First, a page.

Simpkin, Thomas (1829-1899)

Transcription of Obituary In the Primitive Methodist Magazine by T. Shaw

After three score year and ten years of bright happy and purposeful life, Thomas Simpkin passed away to the life beyond on the 22nd of July, 1899. He was associated at the time of his death with Colne Circuit, though the greater part of his life and service had been given to the Bethel Church, Burnley First Station. He was engaged in Sunday School work from the days of his young manhood, and was still an ardent worker when death called him. His head was grey, but his heart was young, and it was beautiful to see him still working amongst the young as the shadows of life gathered about him. He was heard to say that the Sunday School had been, and still was, the joy of his life. We think there would be many who would give him welcome to the home of rest.

Also, our brother was a most enthusiastic worker in connection with our Missionary Society, for twenty-nine years he was a collector, and organised various efforts to raise money for missionary enterprise. In 1890, at Christmas, he organised a “sale of work” which brought in £77 for the Missionary Fund. And in many other ways he worked to help on the great cause of missions.

The poor, the fatherless, and the widows had a true friend in Thomas Simpkin, especially at Christmas time was he busy, in carrying out food and clothing and coals. The blessing of the needy and those who were ready to perish followed him continually. He was a good man, and followed the Master, “who went about doing good.”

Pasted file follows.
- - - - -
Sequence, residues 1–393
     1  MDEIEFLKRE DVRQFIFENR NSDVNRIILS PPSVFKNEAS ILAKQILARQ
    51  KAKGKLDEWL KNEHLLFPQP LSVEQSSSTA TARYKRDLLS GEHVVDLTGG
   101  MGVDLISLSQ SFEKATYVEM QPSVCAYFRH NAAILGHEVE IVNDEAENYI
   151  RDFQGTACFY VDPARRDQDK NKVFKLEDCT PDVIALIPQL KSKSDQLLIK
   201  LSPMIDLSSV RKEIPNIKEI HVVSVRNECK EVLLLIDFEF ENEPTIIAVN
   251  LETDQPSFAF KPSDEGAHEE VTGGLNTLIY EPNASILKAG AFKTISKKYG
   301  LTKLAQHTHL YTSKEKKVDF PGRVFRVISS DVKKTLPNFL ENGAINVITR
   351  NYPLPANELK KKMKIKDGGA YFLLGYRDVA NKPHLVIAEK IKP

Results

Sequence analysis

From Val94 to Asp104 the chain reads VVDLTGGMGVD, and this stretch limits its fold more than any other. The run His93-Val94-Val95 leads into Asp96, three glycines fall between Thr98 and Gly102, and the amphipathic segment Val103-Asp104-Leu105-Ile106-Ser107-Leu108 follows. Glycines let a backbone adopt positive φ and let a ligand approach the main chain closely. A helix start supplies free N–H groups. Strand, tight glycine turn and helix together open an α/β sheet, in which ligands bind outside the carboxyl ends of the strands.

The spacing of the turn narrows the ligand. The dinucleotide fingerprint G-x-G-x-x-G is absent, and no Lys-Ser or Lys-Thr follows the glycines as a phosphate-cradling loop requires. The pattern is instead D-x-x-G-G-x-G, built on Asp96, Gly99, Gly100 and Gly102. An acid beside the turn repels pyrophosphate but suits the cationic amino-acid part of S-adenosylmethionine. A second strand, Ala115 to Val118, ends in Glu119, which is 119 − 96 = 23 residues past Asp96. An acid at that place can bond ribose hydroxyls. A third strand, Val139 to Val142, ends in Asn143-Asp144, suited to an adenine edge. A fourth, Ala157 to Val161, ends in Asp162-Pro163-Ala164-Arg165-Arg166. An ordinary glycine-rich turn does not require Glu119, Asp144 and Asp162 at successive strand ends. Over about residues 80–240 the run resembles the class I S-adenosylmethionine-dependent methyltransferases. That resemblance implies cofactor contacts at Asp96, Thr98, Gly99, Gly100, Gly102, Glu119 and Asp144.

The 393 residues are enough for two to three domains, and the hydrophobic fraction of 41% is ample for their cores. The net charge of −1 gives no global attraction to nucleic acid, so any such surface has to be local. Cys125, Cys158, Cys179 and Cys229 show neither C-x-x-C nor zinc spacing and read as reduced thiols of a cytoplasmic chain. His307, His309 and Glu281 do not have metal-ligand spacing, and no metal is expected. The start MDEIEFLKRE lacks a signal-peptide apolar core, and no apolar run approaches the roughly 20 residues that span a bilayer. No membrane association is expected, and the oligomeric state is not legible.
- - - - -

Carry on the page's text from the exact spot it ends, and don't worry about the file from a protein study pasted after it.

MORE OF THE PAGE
When sickness and weakness came he met it calmly and with good courage. It was a means of grace to see how cheerful and resigned he was in his affliction, and to see how his Christian hope sustained him. For a few weeks he lingered in the valley of the shadow of death, and then on July 22nd he quietly and peacefully fell asleep. The mortal remains were laid to rest in the cemetery at Burnley on the Wednesday following, The interment was preceded by a short service in Bethel Chapel, Burnley, when Mr. J. Baldwin, an old friend and co-worker of our departed brother‘s, gave an address. Mr. Baldwin spoke in touching terms of the old days of service, and the blessed seasons they had spent together; and many were moved to tears as he reminded them of the host of workers who had passed away from their Church and school.

A great number of friends and officials, along with the class of young women of which Brother Simpkin had been teacher, joined the family in the mournful procession to the cemetery. Arrived there, with many signs of deep sorrow, the remains were laid in the family vault, the Rev. G.W. King and the Rev. T. Shaw taking part in the service. May the widow be comforted in her loneliness, and may the children have grace given them to follow in the steps of their sainted father.


Thomas was born at Chesterfield, Derbyshire, to parents William, an iron moulder, and Sarah.

Census returns identify the following occupations for Thomas.

  • 1851 iron moulder
  • 1871 iron founder
  • 1881 iron moulder
  • 1891 retired iron moulder

Thomas married Hannah Ibbotson (abt1826-1903) on 12 July 1852 at Trinity, Habergham-Eaves, Burnley, Lancashire. Census returns identify five children.

  • Elizabeth (1855-1892) – married Thomas Guttridge, a tobacco traveller (1891), in 1879
  • Sarah Alice (1857-1928) – married Thomas Shuttleworth, a house painter, in 1880
  • Esther (1863-1927) – a cotton weaver (1891); married James Boys, a grocer, in 1896
  • Tom (1865-1927) – a loom fitter (1911)
  • Samuel (1869-1943) – a house painter (1911)


Primitive Methodist Magazine 1901/550

Census Returns and Births, Marriages & Deaths Registers

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